According to residents, the mass exodus was triggered by a number of normal, everyday New York City events. For Erin Caldwell of Manhattan, an endlessly honking car horn sent her over the edge, causing her to go into a blind rage and scream "shut up!" at the vehicle as loud as she could until her voice went hoarse; for Danny Tremba of Queens it was being cursed at for walking too slow; and for Paul Ogden, also of Queens, it was his overreaction to somebody walking too slow.All painfully true, and yet of course, also wrong. One germ of unequivocal truth: Sometimes it's only the people here that make the struggle worthwhile; minus them, this might indeed be a place worth leaving. Cue Snake Plissken.
Other incidents that prompted citizens to pick up and leave included the sight of garbage bags stacked 5 feet high on the sidewalk; the realization that being alone among millions of anonymous people is actually quite horrifying; a blaring siren that droned on and fucking on; muddy, refuse-filled puddles that have inexplicably not dried in three years; the thought of growing into a person whose meanness and cynicism is cloaked in a kind of holier-than-thou brand of sarcasm that the rest of the world finds nauseating; and all the goddamn people.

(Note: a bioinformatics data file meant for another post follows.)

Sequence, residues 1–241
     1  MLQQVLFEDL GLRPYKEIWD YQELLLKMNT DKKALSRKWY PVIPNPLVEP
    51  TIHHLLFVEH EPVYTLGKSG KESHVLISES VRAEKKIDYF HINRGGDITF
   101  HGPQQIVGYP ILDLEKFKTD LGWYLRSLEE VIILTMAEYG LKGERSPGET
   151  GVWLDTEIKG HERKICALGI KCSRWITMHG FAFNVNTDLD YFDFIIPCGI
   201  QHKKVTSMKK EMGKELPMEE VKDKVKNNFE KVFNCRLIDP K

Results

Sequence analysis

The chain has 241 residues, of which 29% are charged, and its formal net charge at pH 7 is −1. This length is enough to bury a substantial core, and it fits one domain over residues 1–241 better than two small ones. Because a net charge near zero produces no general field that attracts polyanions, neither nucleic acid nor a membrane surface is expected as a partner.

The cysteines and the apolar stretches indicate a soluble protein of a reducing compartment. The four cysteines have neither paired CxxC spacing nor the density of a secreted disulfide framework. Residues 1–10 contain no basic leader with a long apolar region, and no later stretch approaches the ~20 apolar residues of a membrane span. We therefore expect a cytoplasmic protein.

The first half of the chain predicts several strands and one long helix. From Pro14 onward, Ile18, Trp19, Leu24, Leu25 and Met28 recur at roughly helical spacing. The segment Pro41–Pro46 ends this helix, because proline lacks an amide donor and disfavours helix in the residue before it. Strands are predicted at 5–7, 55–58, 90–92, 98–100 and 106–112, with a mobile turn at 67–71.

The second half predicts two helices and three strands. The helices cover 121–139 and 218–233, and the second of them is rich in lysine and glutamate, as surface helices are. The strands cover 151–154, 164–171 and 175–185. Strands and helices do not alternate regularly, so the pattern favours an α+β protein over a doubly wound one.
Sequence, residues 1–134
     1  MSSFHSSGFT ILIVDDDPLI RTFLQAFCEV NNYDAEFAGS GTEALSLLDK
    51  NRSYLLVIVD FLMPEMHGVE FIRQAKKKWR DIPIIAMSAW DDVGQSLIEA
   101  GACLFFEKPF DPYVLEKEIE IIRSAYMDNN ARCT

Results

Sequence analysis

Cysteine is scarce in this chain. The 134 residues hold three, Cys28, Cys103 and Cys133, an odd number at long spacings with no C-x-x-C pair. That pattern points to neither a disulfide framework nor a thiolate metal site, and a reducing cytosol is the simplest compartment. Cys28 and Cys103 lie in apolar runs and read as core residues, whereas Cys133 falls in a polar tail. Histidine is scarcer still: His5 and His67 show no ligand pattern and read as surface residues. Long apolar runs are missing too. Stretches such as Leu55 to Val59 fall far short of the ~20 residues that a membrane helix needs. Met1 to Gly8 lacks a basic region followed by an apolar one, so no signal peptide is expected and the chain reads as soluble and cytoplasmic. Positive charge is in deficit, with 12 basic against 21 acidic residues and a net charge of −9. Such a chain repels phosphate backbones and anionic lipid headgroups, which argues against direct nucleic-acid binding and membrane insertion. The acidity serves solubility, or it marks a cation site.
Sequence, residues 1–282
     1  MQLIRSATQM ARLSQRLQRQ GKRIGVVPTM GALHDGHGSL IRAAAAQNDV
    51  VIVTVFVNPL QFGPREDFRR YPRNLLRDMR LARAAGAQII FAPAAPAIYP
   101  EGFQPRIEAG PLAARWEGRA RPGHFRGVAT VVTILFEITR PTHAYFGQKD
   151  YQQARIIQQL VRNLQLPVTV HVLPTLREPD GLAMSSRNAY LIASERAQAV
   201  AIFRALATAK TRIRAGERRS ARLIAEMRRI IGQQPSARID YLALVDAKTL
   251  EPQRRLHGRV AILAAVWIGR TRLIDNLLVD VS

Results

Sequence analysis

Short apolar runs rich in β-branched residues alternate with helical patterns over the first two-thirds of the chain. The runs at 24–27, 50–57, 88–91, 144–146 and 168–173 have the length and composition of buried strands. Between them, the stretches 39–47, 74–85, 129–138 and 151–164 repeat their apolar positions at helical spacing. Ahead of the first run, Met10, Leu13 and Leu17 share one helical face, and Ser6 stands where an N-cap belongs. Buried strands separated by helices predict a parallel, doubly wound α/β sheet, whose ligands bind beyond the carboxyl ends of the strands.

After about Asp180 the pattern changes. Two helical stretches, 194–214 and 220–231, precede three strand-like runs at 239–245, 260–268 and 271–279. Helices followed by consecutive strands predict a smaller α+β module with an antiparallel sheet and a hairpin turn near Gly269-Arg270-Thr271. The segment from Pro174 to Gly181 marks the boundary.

In addition, 3 million New Yorkers reportedly left the city because they realized the phrase "Only in New York" is actually just a defense mechanism used to convince themselves that seeing a naked man take a shit on a park bench is somehow endearing, or part of some shared cultural experience.
For me, extra-credit pangs include the reference to Scottsdale, Ariz. (essentially my hometown), not to mention the priceless closing graf:
By Tuesday night, New York was completely abandoned. At press time, however, some 10 million Los Angeles–area residents, tired of their self-centered, laid-back culture and lack of four distinct seasons, and yearning for the hustle and bustle of East Coast life, had already begun repopulating the city.(h/t Scott Walters)